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Batch Processing in Access

 
 
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      26th Jan 2007
I'm working in a small real estate office and have been using Access in
conjunction with downloaded MLS data to help investors find properties with
the most equity, with potential for fixing up and selling. I want to take it
to the next level buy being able to do comparables at a subdivision level
within the queries. This would save an immense amount of time looking for
candidate properties.

I've got the general idea how to go about it and what needs to be done. For
each zip code, there are a certain number of residential subdivisions. The
idea is to standardize the subdivision names in all the area's zip codes.
Once that is done, an average can be taken of the sold properties in each
subdivision. Then, the zip code and the standardized subdivision name can be
a combo key to use in a join.

I've been reading a beginner's book on Access VBA, and I've gotten a lot out
of it, but it doesn't have any sections on batch processing and updating of
tables. It's mainly about users updating data in tables by filling out text
boxes on a form and clicking a button to update, add, or delete. Can any one
direct me to a good source for batch processing in Access, such as a book or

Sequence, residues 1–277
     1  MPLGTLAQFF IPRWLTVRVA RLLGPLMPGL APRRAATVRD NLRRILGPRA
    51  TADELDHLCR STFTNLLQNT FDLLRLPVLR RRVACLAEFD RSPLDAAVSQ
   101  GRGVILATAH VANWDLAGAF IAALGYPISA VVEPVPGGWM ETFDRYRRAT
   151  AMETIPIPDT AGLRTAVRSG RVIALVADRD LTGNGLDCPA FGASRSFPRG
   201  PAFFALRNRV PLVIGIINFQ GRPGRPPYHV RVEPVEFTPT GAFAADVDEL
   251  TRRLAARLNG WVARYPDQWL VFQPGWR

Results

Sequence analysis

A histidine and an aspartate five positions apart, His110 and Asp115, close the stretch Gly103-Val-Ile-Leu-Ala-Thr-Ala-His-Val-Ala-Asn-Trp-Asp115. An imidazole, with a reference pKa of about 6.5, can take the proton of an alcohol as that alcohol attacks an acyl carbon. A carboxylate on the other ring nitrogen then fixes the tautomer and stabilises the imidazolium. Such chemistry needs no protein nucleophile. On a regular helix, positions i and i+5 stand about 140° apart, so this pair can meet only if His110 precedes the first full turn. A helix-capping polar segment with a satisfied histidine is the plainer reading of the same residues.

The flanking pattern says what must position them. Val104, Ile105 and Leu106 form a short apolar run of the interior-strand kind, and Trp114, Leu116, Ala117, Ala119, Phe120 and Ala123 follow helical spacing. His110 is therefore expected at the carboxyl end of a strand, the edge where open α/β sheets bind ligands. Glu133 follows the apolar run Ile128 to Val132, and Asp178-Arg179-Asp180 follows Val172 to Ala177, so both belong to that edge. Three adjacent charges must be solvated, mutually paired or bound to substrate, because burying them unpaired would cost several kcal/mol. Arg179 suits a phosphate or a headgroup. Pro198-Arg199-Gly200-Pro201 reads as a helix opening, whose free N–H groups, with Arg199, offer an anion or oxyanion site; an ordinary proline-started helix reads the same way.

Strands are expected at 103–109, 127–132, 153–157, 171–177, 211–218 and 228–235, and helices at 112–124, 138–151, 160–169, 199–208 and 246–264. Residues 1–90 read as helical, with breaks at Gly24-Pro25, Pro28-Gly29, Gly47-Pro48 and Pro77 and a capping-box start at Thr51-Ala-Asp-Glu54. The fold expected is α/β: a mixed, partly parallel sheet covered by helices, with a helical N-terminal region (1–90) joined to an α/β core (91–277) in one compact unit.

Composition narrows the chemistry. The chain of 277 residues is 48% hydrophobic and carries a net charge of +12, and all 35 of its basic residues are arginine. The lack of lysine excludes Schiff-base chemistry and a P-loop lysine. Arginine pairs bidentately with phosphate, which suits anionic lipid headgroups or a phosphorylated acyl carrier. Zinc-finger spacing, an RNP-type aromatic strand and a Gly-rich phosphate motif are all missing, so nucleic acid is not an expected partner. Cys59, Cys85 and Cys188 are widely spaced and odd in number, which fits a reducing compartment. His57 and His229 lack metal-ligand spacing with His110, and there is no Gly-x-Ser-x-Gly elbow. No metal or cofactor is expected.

a web site?

I'm not talking about millions of records here, just a few thousand at a
time. The data in my tables is very transient, with records constantly being
added and removed as properties come onto the market or get sold. Thanks in
advance.
--
My very best regards,

Mike
 
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Smartin
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      26th Jan 2007
Hi Mike, please see comments within.

Mike Cullinan wrote:
> I'm working in a small real estate office and have been using Access in
> conjunction with downloaded MLS data to help investors find properties with
> the most equity, with potential for fixing up and selling. I want to take it
> to the next level buy being able to do comparables at a subdivision level
> within the queries. This would save an immense amount of time looking for
> candidate properties.
>
> I've got the general idea how to go about it and what needs to be done. For
> each zip code, there are a certain number of residential subdivisions. The
> idea is to standardize the subdivision names in all the area's zip codes.
> Once that is done, an average can be taken of the sold properties in each
> subdivision. Then, the zip code and the standardized subdivision name can be
> a combo key to use in a join.


So, you will need to create and maintain a table or two of zip codes and
subdivision names. If subdivisions can span more than one zip code there
will be two tables involved to handle this relationship. The end result
you need is to allow the choice of zip/sub to come only from this